Academic journal article Journal of Mental Health Counseling

Pet Loss and Disenfranchised Grief: Implications for Mental Health Counseling Practice

Academic journal article Journal of Mental Health Counseling

Pet Loss and Disenfranchised Grief: Implications for Mental Health Counseling Practice

Article excerpt

Counselors who acknowledge and validate the implications of pet loss will help to re-enfranchise an undervalued grief. In the article, pet loss is conceptualized using both a traditional model of grief, Kubler-Ross's stages of grief, and two contemporary models of loss adaptation, the dual process model and adaptive grieving. General grief reactions to pet loss are discussed, along with the negative impact of disenfranchised grief for pet bereavement. Finally, I address the use of grief counseling, sell-help, and community resources for bereaved pet owners.


On average, 80 million American households (34.8%) own one or more pet cats or dogs (American Veterinary Medical Association [AVMA], 2007). Pet owners bond closely with their pets (Bonas, McNichols, & Collis, 2000); in fact, in a recent study, college students with high levels of attachment reported a closeness to their pet dogs that equaled the emotional bond to their mothers, best friends, siblings, and significant others (Kurdek, 2008). The attachment bond between people and companion pets can be salient, folding the pet into a family member role (Raup, 1999) or in some cases making them surrogates for children (Cohen, 2002). As with human bonds, attachment to pets can foster a sense of security and well-being and be a buffer against the effects of stress, anxiety, and depression (Doherty & Feeney, 2004; Sable, 1995; Watson & Weinstein, 1993).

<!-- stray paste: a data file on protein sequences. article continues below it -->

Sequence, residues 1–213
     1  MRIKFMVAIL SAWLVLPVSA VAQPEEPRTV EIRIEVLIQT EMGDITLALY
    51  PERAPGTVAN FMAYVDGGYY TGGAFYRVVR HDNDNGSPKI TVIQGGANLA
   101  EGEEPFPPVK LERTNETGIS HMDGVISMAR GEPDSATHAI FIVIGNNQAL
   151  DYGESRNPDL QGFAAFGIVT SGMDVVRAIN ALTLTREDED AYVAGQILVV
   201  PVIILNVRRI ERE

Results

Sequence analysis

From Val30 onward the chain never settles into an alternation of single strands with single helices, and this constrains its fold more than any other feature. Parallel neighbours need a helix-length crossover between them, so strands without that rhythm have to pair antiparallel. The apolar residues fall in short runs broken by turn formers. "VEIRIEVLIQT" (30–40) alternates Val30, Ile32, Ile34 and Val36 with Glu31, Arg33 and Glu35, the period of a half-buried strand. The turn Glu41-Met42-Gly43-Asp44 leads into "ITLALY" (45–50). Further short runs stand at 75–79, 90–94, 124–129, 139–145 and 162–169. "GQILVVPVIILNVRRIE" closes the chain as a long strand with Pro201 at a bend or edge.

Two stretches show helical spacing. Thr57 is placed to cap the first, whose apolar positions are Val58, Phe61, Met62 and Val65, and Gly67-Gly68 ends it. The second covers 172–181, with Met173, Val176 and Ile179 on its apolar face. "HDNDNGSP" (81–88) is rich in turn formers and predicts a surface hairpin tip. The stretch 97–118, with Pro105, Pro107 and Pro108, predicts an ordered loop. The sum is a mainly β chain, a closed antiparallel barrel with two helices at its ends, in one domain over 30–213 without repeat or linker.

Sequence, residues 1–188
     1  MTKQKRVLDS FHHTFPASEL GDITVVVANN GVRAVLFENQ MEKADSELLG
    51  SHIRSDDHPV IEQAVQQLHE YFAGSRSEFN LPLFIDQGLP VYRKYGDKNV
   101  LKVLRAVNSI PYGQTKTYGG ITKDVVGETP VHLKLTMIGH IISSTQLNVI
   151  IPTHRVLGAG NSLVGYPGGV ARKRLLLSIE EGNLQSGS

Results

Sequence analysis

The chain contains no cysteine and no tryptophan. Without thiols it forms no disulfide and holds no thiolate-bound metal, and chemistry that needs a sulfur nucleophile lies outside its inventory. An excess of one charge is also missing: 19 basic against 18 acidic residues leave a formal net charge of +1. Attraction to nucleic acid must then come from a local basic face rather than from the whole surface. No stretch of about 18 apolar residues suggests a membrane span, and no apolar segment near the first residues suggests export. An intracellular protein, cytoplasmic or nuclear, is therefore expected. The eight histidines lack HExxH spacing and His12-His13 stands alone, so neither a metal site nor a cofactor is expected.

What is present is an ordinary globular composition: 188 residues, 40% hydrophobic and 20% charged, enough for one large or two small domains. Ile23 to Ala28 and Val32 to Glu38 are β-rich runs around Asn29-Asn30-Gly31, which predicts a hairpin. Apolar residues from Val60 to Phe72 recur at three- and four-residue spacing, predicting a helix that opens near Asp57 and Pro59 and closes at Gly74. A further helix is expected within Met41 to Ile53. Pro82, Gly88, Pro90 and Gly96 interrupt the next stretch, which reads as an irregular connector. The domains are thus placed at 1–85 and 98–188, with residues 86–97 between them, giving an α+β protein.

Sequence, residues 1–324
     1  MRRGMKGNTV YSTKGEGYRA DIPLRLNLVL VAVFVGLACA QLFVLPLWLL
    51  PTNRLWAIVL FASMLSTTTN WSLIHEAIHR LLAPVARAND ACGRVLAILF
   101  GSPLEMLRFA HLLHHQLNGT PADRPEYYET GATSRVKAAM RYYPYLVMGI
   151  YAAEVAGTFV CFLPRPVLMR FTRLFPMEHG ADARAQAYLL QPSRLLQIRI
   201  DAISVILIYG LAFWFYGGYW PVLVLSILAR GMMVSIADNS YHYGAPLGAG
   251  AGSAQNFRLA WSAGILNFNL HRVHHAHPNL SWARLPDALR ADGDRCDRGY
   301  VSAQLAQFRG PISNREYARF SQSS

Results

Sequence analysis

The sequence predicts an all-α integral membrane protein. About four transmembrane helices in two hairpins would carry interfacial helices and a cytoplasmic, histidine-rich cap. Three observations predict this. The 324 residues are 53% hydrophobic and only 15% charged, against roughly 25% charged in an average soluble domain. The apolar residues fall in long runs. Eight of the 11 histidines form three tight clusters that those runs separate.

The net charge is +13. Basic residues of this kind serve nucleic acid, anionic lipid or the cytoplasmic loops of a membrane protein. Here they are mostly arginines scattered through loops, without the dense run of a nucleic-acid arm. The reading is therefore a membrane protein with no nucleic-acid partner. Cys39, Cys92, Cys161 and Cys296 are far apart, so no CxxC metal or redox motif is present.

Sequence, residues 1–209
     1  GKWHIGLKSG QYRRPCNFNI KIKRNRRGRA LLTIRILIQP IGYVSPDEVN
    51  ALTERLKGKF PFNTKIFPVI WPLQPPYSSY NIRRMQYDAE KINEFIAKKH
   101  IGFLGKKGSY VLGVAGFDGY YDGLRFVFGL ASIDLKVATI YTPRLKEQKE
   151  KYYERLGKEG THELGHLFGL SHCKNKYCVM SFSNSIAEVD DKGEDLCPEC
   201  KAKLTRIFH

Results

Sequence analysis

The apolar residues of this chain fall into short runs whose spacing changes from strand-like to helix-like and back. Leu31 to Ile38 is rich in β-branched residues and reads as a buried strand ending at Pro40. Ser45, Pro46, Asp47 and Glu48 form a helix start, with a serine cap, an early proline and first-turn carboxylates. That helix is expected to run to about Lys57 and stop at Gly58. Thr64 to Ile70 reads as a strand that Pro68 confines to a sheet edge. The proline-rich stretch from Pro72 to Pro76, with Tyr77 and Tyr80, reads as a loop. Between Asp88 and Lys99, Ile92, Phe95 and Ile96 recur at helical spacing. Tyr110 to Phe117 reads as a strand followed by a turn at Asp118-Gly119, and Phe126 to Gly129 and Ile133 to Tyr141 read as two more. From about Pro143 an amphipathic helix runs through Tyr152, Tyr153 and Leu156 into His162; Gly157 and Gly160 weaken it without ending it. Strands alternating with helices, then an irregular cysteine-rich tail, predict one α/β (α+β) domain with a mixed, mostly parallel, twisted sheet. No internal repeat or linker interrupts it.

Millions of pet owners cope with the inevitable loss of a pet due to death. Given the vital role of pets within family systems (Bowen, 1978; Triebenbacher, 2000), that loss can evoke significant bereavement in pet owners. While the emotional bond forged between companion pets and their owners is increasingly recognized (Sharkin & Knox, 2003) and is reflected by consumer trends (AVMA, 2007), counseling has overlooked pet bereavement--an undervalued grief within society generally (Packman, Field, Carmack, & Ronen, 2011). The purpose of this article is to elucidate (a) the process of coping with grief as experienced by bereaved pet owners; (b) the negative impact of disenfranchised grief on pet bereavement; and (c) the use of grief counseling and other resources for pet loss. While some may dismiss the topic, this article is essentially a call to practitioners to consider pet loss as a normative bereavement process that carries an additional layer of complexity, because societal attitudes toward the death of a pet discourage bereaved pet owners from openly grieving the loss of a beloved companion.


It has been demonstrated that tile strength of attachment to a pet is a predictor of the severity of grief symptoms when the pet dies (Field, Orsini, Gavish, & Packman, 2009). Consequently, people who are more attached to their pets are likely to experience longer and more intense grief reactions (Sharkin & Knox, 2003). When the bonds between a person and a companion pet are strong, the grieving process is likely to be similar to the bereavement experienced with the loss of a family member or significant other (Archer & Winchester, 1994; Field et al., 2009; Podrazik, Shackford, Becker, & Heckert, 2000). Theories of grief can be adapted to articulate grief reactions observed in clients dealing with the death of a pet (Carmack & Packman, 2011; Quackenbush & Graveline, 1985). Given the complexity of grief, its manifestation has been considered in several theories (Parkes, 2001). This article will explore both traditional and contemporary models of grief, and extrapolate from these models the experience of bereavement after the death of a beloved pet.

Kubler-Ross (1969) described grief reactions as progressing in stages: denial, auger, bargaining, depression, and acceptance. The general population is familiar with this model, but counselors should point out to clients that these stages of grief should not be taken literally (Payne, Jarrett, Wiles, & Field, 2002). …

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